My purpose here is to provide some accessible and jargon-free advice for conducting secure online therapy.
Between the various members of the Bilateral Base team we have decades of experience working with online technologies across healthcare, customer loyalty programs, banking, financial services and ecommerce, so we felt like we could offer some help and insights that may be useful to you and your clients.
I want to allay your concerns, while also offering some reminders on how to avoid bad security habits. I want to unpack emotive terms like ‘getting hacked’ so that they’re better understood and less scary. I want to leave with you the knowledge that the vast majority of online security issues are made possible by basic human error and that the steps to prevent them are similarly simple and achievable for you and your clients.
This post is for all therapists working online, not just for users of our online platform for EMDR therapy, Bilateral Base. If you’re a Bilateral Base user or interested in how we manage security for our therapists then please look at our post on Security Features of Bilateral Base.
What Does ‘Getting Hacked’ Actually Mean?
It’s a sinister sounding word, but all it means is that someone has gained access to a system or some information that was not intended for them. It’s also a word that likely conjures up images of highly skilled criminals using expensive powerful computers to overcome your security measures. In reality and in the sort of areas we’re thinking about as therapists this is not the case. Pretty much all hacking that you have read about is more akin to a petty criminal walking along a street full of parked cars looking for the one that the owner forgot to lock or the owner left the key behind one of the wheels – it’s low-tech, opportunistic and easily avoided with some basic precautions.
How Safe Are Online Calls?
The surge in remote working over the past few years has resulted in greatly increased awareness and scrutiny of safe online practices and the situation is improving all the time.
It’s every video conferencing service’s worst nightmare to find stories about a security breach of their service plastered all over the internet and this has acted as a great incentive for services to build stronger security features into their software.
What Security Features To Look For In Your Video Service (And What They Mean)
Balancing Security and Usability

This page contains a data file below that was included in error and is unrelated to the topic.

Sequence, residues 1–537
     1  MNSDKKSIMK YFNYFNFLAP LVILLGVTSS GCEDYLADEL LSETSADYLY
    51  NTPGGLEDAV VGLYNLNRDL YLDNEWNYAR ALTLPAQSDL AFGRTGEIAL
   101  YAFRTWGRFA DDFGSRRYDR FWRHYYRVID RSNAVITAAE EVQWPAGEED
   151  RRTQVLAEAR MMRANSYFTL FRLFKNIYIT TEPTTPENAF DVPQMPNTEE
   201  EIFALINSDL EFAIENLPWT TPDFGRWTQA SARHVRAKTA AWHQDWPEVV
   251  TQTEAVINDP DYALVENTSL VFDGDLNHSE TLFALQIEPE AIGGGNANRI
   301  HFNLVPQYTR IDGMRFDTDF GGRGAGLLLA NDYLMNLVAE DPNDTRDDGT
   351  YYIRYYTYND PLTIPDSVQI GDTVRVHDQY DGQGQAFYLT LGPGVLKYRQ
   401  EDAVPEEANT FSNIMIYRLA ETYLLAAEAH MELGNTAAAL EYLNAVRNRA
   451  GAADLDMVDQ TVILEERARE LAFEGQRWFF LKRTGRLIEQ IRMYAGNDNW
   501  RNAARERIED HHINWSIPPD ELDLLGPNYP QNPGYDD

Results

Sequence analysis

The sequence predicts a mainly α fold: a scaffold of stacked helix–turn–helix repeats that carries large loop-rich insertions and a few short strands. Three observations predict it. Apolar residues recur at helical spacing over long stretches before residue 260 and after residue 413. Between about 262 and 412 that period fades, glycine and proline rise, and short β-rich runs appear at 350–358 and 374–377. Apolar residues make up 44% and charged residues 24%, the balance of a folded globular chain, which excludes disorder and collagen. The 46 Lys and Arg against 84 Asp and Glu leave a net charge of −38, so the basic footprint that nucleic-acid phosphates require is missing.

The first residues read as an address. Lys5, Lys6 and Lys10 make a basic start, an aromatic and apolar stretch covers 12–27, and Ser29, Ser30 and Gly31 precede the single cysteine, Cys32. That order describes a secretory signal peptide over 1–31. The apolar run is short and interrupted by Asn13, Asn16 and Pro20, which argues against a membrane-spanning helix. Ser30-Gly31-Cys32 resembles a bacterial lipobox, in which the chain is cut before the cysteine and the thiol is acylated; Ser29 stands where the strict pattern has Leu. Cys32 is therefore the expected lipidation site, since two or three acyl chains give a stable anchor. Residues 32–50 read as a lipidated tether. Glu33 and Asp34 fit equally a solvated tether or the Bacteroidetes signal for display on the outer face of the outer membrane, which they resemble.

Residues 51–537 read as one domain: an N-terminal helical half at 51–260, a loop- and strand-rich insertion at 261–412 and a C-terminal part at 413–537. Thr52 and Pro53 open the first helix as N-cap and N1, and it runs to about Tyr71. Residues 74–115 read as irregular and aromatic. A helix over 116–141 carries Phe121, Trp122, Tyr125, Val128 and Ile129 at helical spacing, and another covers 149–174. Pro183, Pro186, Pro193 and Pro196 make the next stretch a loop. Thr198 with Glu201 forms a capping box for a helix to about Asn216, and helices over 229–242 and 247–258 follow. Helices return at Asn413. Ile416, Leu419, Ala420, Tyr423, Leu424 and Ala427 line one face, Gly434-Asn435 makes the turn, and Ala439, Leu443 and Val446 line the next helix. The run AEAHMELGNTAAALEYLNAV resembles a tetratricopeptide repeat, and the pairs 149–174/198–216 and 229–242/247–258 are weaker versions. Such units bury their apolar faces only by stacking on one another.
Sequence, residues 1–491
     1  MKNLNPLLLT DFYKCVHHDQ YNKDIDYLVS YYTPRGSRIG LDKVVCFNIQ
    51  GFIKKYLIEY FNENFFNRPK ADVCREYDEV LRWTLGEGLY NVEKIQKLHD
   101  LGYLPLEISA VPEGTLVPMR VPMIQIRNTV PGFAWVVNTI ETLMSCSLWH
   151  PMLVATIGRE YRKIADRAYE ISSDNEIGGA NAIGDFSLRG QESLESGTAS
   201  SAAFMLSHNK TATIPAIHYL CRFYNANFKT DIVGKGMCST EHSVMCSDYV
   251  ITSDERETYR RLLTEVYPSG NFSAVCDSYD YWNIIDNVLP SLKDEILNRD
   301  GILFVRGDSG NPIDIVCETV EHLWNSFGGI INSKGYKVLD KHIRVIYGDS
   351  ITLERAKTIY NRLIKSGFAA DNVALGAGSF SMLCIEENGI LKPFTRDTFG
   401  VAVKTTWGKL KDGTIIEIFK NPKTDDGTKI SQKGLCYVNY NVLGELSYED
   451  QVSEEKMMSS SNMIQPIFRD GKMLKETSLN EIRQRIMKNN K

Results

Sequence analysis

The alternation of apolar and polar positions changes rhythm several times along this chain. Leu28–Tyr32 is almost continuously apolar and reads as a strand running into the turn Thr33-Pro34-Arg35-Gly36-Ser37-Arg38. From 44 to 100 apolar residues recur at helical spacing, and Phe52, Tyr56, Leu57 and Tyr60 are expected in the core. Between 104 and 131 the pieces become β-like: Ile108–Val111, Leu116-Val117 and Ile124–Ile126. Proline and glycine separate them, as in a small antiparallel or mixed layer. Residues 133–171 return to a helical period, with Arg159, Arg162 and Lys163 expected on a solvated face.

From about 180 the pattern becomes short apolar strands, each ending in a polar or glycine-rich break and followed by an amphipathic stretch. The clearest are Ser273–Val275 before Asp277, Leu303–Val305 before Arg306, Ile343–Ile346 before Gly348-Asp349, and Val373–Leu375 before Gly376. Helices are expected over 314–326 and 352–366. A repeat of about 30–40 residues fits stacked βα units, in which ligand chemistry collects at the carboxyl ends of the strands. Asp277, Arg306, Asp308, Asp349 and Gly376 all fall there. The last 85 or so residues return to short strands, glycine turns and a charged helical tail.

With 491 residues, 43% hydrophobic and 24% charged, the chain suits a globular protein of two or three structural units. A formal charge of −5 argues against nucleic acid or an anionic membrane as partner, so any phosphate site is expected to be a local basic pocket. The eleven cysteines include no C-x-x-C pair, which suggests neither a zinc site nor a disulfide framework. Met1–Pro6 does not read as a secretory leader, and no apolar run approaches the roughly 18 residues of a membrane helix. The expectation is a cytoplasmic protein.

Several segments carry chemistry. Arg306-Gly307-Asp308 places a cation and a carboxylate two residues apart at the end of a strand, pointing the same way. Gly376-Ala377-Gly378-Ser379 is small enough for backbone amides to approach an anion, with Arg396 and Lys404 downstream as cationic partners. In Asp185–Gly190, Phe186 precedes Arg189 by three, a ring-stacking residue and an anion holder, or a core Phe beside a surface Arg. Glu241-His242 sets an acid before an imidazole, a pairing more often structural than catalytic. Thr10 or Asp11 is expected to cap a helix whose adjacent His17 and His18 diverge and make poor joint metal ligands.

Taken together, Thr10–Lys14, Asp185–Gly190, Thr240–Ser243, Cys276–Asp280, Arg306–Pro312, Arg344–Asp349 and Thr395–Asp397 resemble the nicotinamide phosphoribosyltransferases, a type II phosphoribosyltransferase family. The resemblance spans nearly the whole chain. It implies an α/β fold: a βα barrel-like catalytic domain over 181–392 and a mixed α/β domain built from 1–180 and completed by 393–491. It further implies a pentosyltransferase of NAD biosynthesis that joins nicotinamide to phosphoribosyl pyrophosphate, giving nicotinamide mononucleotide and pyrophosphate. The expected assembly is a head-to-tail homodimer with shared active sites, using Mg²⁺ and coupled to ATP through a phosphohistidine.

Something you won’t see written about much by video conferencing services but that I think it’s important you have a bit of an appreciation of, is that designers of video services are always having to find a balance between making things secure but also usable enough that most people can easily get up and running for their sessions.
Each additional layer of security will often act as some sort of barrier between therapist and client being able to easily connect with each other and there’s no point in having the world’s strongest security if none of your clients can actually get themselves set up on a call with you.
So there’s a balance to be struck around the sensitivity or value of the information being protected and ensuring that the tool can actually fulfill its purpose for users who may have very little experience or knowledge of using a computer/device.
How Do Your Clients Join A Call
Most of what you will have read about video calls ‘getting hacked’ comes about because someone was able to enter a session by getting hold of or guessing the access code for a meeting. Zoom used to have a method for accessing sessions that just required entering a short numerical number. This meant that with enough tries it was possible to hit upon a valid meeting code. Zoom has since strengthened its security in this area after this happened.
Session Invites/Links – these are a popular and pretty secure way of giving your clients access to their sessions. If you look at the link you share with a client, it will contain a ‘key’ which is like a very strong password and so can’t be guessed easily. The main thing here is to make sure that the link is only sent to the person who you want to have access, and that each of your clients is given a separate link to use.
How Much Information Does The Video Service Want From You?
One of the simplest ways to keep information safe, is to limit the number of online locations it is stored. When using a video service, you’ll nearly always need to enter your email address when you sign up. But beyond this you should think about what information is really necessary to have on an online service and are the security measures appropriate for this information. For example, If you’re entering client personal information like email addresses or client notes then you should see an appropriate level of security available like Multi-factor Authentication (see below).
What Is Multi-Factor Authentication?
This is a security feature that requires you to prove that you are who you say you are in more than 1 way before being given access to something. Some examples of this for logging into an account are:
Enter password AND answer a security question
Enter password AND receive a passcode via text message on your phone
This feature offers far better security than just a password and you should use this if available and it is definitely a good idea if your video service has details about your clients like email address and session notes.
What is End-To-End Encryption
This basically means that when you’re on a video call and it is being passed between your and your client’s computer, if anyone tries to intercept the call, it will be jumbled up to make the data meaningless, so that it can’t be opened, played or listened to. Only someone who has a special key can unjumble the message at the other end so that it makes sense. This type of encryption should be available for one-to-one calls where the call travels directly between your computer and your client’s computer and should not need to pass through the provider’s server.